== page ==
Avoiding “left footers”
The nine o’clock news on BBC Radio 2 came to a conclusion and the cheery presenter began his programme. A brief menu of what was in store for listeners included the fact that “the padre” would be coming in and that this morning it was Father Steve, “come on the left footers,” said the presenter, a comment that probably left most listeners baffled.
Not since moving from Northern Ireland in 1999 had I heard the term “left footer.” It derived from the use of spades for cutting turf, it was said that there were different customs in different areas and that those from some Roman Catholic areas dug with the left foot rather than the right. Never encountering any evidence of such a custom, it seemed that the story was a post hoc attempt to rationalise a term that often arose from prejudice on the part of the speaker.
Within the Protestant community there were various euphemisms for those who did not belong to the Reformed tradition, they were “from the other side of the house,” they “dug with they other foot,” were among the milder. “Left footers” would often have been spoken with more vitriol, it might have been used by those who spoke of “paddies” or “micks” or “tims.” Most vitriolic was the word “taig,” derived from the “Tadhg”, the Irish for Timothy, though few of those using the word would have been aware that the term of abuse they painted on walls and shouted at protests originated in the Irish language they spoke of with contempt.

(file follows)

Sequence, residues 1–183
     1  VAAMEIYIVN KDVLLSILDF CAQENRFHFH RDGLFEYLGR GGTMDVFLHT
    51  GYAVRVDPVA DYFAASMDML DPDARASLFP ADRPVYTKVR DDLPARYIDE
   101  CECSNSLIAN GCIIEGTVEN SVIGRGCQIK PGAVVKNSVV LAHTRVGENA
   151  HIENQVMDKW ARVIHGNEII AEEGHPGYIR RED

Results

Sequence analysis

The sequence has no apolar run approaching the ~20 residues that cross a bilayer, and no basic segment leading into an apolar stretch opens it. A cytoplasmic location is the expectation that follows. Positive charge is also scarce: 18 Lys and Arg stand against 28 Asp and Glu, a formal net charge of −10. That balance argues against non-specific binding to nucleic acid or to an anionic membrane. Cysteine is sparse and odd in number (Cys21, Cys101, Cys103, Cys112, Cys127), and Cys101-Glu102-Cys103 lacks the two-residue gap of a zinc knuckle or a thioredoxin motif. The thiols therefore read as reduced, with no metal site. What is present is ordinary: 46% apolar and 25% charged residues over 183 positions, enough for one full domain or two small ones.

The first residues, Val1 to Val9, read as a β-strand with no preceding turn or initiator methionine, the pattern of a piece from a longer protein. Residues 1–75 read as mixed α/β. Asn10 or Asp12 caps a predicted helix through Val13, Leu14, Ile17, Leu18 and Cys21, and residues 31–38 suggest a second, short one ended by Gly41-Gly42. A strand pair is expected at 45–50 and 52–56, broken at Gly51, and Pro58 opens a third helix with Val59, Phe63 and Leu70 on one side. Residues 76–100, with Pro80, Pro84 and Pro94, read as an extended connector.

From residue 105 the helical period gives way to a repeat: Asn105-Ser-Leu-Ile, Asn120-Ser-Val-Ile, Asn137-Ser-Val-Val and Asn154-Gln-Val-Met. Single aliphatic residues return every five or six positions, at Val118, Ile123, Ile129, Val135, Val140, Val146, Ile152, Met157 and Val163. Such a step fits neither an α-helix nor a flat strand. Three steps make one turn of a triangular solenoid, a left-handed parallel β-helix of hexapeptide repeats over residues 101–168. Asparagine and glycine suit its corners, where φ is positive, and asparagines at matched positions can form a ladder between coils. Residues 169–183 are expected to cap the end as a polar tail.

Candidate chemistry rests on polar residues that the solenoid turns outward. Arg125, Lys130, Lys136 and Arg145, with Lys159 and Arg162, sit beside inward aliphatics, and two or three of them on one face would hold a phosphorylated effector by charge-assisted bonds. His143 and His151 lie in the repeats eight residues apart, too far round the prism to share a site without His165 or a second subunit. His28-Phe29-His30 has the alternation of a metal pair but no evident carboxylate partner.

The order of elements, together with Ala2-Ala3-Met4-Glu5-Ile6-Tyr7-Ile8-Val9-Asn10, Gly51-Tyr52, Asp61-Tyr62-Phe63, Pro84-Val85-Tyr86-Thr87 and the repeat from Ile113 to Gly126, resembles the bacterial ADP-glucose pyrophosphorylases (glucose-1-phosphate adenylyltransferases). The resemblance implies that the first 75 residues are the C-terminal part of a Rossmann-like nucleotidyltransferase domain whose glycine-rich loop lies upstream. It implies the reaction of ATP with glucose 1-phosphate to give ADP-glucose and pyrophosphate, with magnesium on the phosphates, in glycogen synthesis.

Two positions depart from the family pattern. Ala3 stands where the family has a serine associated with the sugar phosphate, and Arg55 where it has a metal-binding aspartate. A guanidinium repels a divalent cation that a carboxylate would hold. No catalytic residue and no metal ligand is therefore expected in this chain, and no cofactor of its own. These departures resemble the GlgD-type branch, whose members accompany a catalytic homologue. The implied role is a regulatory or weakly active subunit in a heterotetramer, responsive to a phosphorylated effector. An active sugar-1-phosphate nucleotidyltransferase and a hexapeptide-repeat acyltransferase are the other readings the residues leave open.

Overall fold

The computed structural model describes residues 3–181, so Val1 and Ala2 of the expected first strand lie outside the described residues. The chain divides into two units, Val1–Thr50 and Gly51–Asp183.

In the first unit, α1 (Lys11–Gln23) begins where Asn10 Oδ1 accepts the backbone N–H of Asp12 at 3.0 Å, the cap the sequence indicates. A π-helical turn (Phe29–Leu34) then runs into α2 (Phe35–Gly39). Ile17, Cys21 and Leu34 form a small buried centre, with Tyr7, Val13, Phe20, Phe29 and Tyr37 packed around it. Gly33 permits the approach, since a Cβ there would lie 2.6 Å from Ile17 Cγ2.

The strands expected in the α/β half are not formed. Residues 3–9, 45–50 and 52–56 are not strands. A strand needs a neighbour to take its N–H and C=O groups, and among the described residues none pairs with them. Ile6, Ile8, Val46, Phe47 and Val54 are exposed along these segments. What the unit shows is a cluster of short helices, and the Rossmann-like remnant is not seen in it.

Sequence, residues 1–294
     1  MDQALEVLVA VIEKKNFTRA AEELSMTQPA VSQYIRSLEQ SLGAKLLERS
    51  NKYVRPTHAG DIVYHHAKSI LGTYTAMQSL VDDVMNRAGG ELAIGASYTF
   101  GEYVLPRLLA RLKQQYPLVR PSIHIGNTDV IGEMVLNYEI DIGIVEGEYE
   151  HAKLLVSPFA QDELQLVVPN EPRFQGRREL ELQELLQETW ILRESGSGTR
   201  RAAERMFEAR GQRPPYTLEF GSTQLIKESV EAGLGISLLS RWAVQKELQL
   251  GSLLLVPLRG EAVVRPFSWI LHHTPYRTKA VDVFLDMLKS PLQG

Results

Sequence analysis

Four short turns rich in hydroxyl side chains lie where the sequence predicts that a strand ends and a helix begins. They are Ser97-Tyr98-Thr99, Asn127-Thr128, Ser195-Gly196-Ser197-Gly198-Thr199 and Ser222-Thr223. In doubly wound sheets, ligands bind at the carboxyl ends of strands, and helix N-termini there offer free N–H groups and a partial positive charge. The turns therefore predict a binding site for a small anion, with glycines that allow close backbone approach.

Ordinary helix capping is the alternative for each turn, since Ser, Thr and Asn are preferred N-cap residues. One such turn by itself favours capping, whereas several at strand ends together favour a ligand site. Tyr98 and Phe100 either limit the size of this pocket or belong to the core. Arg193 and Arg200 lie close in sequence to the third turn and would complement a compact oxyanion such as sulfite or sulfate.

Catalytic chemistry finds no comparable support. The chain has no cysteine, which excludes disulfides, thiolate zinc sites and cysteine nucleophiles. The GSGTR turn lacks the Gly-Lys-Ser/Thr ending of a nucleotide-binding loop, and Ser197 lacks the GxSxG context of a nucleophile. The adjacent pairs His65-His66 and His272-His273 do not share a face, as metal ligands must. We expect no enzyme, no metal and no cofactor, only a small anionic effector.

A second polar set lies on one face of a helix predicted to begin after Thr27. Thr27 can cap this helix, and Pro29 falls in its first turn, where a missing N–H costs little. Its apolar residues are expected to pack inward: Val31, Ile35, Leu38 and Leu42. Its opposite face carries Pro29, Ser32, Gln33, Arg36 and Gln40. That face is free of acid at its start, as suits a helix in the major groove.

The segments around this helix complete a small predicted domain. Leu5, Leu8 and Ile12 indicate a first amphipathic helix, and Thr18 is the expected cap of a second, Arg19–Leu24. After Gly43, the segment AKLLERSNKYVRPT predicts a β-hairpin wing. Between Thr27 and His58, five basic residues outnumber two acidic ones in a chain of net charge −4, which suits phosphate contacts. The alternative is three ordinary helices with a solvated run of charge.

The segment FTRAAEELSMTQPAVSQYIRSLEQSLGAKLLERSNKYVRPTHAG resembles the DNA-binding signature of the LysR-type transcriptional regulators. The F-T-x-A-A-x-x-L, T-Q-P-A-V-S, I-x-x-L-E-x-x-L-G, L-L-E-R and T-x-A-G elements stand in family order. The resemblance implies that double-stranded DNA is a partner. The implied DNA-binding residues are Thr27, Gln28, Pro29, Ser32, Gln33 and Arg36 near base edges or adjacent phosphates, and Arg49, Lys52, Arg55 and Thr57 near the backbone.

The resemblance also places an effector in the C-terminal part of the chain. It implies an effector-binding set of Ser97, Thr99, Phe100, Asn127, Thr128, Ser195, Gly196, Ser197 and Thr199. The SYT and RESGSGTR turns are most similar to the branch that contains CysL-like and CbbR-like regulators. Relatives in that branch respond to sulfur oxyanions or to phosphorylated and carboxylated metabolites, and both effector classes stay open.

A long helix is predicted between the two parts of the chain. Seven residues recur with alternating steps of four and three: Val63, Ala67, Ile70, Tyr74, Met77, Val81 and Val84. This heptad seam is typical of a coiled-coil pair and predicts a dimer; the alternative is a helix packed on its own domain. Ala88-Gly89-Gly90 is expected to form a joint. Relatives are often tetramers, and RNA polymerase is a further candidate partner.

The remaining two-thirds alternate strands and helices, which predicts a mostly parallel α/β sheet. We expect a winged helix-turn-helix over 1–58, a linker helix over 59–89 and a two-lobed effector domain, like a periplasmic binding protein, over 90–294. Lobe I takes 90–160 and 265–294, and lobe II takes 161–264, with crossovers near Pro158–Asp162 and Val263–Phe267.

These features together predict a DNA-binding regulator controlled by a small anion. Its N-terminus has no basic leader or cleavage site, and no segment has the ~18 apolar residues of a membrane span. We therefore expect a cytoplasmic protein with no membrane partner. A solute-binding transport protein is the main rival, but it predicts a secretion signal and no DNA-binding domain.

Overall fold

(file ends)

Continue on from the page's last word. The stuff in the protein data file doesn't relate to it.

Sometimes pejorative terms can be disempowered through their usage by those to which they are applied, after all “Methodist” and “Quaker” had their origins as uncomplimentary nicknames, but there was an uneasiness in hearing “left footer,” being used of a Roman Catholic priest, even if Dermot O’Leary, who used the term, is from a Roman Catholic background himself.
Not having lived in Northern Ireland for two decades, perhaps times have changed and words once hurtful have lost the power to wound that they once possessed; perhaps there is now an easy banter in which old insults can be exchanged with laughter. However, even the most superficial reading of news stories would suggest that such a spirit of accommodation is still a distance away.
Maybe “come on the left footers,” is a positive statement, an assertion of identity with those who for generations were the underdogs, or maybe it’s just something that confuses English listeners.
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